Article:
Afghanistan: They are in grave danger – fears for influential women who spearheaded change in country
It wasn’t until after her 10th birthday that Homira Rezai first went to school.
With classes inside a tent, it was too hot in the summer and too cold in the winter.
But education for girls had been banned under the Taliban government in Afghanistan, so when the diaspora community sent money home to build a school following the 2001 US-led invasion to oust the extremists, there were no complaints.
“Those were the happiest days of my life,” Ms Rezai says. “It’s when girls in Afghanistan started to have hope.”
“Not being able to go to school from a young age deprived me of many things.”
Live updates on Afghanistan after Taliban enters Kabul
Toys at home were lethal weapons – AK47s and shiny copper bullets. Ms Rezai says there was nothing unusual about it.
“Seeing family members with AK47s, their kids playing with bullets, that’s what I grew up with.
“My parents going to funerals, hearing ladies screaming out of their lungs because they’d lost their loves ones. It was just another day for us.”
Afghanistan has largely been at war since the late 1970s, starting with an internal conflict between anti-communist guerrillas and the Soviet-backed Afghan communist government, as well as being occupied by US-led forces whose 2001 invasion ousted the Taliban government.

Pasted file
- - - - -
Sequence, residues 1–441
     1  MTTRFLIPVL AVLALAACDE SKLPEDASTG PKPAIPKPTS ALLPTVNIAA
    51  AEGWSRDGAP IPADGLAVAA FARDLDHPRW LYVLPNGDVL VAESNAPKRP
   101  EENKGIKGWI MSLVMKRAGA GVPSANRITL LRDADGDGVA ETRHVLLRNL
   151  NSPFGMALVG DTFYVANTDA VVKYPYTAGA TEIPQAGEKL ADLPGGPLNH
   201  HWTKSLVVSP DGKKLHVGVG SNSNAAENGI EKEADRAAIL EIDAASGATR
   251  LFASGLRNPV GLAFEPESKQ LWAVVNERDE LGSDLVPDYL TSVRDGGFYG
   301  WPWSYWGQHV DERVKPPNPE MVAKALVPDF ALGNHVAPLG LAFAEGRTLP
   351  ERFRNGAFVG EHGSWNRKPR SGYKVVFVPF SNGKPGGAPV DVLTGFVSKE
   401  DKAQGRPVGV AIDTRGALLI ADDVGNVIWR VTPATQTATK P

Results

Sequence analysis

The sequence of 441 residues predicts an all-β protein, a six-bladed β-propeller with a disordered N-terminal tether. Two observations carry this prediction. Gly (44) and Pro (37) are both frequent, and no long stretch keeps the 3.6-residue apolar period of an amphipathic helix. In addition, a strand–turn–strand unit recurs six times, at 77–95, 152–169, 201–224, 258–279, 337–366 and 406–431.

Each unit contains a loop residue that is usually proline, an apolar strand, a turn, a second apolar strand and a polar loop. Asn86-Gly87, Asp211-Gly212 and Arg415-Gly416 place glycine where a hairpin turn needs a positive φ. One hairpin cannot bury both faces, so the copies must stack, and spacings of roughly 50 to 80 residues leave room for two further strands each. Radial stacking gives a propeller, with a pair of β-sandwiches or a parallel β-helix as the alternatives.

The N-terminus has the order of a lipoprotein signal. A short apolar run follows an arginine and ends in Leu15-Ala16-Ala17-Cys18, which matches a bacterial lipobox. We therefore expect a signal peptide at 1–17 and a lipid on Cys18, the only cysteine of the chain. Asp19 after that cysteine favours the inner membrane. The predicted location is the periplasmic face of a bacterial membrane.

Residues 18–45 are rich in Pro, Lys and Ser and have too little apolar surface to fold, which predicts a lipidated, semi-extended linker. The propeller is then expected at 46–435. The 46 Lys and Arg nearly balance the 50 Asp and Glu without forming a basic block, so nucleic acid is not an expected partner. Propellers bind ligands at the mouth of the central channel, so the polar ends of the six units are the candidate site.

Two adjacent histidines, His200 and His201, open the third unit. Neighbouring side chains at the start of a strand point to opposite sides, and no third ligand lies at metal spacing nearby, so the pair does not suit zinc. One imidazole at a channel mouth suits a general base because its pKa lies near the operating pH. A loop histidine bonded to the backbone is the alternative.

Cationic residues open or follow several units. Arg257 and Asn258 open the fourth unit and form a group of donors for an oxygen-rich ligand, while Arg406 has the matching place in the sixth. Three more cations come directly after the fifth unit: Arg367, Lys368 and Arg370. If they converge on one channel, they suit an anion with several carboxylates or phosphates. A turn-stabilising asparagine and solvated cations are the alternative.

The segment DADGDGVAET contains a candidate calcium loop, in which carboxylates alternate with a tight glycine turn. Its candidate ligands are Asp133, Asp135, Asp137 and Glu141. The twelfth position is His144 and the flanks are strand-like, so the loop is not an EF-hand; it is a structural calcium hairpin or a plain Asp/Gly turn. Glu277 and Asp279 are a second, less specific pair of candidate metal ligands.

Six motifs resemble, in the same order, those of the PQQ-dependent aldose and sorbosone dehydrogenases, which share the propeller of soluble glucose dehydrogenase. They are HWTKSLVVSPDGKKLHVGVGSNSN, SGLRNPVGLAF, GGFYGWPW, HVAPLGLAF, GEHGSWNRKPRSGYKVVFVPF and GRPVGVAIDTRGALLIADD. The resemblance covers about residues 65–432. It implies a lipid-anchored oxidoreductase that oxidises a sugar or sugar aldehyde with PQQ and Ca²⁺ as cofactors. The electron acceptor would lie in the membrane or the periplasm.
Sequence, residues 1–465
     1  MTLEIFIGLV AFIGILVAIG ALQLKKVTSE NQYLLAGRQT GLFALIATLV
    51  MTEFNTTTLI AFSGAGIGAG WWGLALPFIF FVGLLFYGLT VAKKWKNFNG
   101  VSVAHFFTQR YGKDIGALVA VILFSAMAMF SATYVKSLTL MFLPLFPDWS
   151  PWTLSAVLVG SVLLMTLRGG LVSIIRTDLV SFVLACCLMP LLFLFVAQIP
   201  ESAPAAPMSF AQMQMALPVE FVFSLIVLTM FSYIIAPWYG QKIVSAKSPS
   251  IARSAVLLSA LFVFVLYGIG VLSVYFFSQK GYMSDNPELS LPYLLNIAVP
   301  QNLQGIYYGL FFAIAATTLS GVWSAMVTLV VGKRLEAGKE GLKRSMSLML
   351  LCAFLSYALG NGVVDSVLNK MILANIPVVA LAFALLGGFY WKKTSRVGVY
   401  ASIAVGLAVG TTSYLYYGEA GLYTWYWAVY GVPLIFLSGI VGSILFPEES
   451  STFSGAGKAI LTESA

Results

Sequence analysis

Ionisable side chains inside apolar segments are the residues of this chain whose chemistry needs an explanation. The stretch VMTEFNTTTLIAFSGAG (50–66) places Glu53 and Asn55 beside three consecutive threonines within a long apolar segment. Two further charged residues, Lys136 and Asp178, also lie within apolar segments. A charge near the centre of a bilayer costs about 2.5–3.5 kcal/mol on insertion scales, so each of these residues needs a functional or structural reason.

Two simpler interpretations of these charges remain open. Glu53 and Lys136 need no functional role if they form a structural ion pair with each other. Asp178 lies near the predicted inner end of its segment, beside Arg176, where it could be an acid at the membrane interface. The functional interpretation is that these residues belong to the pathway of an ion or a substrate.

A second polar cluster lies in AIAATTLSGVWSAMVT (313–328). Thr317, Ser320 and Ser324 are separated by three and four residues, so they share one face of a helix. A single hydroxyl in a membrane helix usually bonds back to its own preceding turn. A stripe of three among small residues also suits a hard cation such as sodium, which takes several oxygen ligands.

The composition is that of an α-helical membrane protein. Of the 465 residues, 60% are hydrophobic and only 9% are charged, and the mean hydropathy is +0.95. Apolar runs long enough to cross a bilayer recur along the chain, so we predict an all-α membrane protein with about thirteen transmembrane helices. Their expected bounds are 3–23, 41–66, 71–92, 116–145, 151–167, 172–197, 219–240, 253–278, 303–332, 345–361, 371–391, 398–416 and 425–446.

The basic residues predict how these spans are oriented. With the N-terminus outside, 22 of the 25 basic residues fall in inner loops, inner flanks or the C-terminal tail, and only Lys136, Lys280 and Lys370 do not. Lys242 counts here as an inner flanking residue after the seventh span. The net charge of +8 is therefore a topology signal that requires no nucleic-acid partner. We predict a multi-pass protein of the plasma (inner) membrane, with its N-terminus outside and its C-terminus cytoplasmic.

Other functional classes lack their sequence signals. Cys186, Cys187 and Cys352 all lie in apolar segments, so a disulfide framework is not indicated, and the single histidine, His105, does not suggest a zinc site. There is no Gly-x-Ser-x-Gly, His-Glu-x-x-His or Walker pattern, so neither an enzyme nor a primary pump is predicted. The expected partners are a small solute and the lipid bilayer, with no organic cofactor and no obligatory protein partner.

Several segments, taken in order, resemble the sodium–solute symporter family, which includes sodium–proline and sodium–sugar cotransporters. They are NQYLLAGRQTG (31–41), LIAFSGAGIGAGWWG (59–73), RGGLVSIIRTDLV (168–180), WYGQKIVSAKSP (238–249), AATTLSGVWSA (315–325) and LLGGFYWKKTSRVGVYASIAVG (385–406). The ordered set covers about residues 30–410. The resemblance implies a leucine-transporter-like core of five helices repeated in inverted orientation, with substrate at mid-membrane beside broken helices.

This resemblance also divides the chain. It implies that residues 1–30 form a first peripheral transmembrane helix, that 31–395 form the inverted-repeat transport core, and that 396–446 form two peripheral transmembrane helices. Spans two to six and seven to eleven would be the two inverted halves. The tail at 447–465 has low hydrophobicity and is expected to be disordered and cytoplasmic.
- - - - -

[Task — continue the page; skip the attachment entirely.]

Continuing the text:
Ms Rezai , who now lives in Dudley in the West Midlands, witnessed the devastating impact that nearly half a century of conflict has had on women’s lives in Afghanistan before she moved to the UK when she was 13.
“With everything that the men went through during the wars, most have mental health issues and one of the ways to deal with that was to bring domestic violence at home.
“If a man was angry he would just beat the woman over little things.”
The US ordered a full withdrawal of forces in April ending America’s two-decade war.
In the last week the Afghan government relinquished power back into the hands of the Taliban.
Concern is mounting for women’s rights in the country which Ms Rezai warns could unravel in a matter of days.
“Women spearheaded the change that we see in Afghanistan.
“They’re the ones who promoted democracy, gender equality, the rights of the Hazara – an ethnic group that has long been discriminated against. They were finally saying that women can have a place in Afghan society but that is now being completely destroyed overnight.
“There is nothing that the international community is doing to save them.”
Ms Rezai has made a list of 70 high-profile women who she says are now in danger for having previously spoken out about women’s rights.
She tells Sky News of a friend who has had her front door stained with bright paint by the Taliban – a marker that their forces will come back to target homes belonging to government workers or civil rights activists.
“The US and its allies have left Afghanistan worse than they found it,” Homira laments. “The Taliban are more empowered and more cruel than they were before.
“And it’s the women who spearheaded change who have been left in grave danger.”
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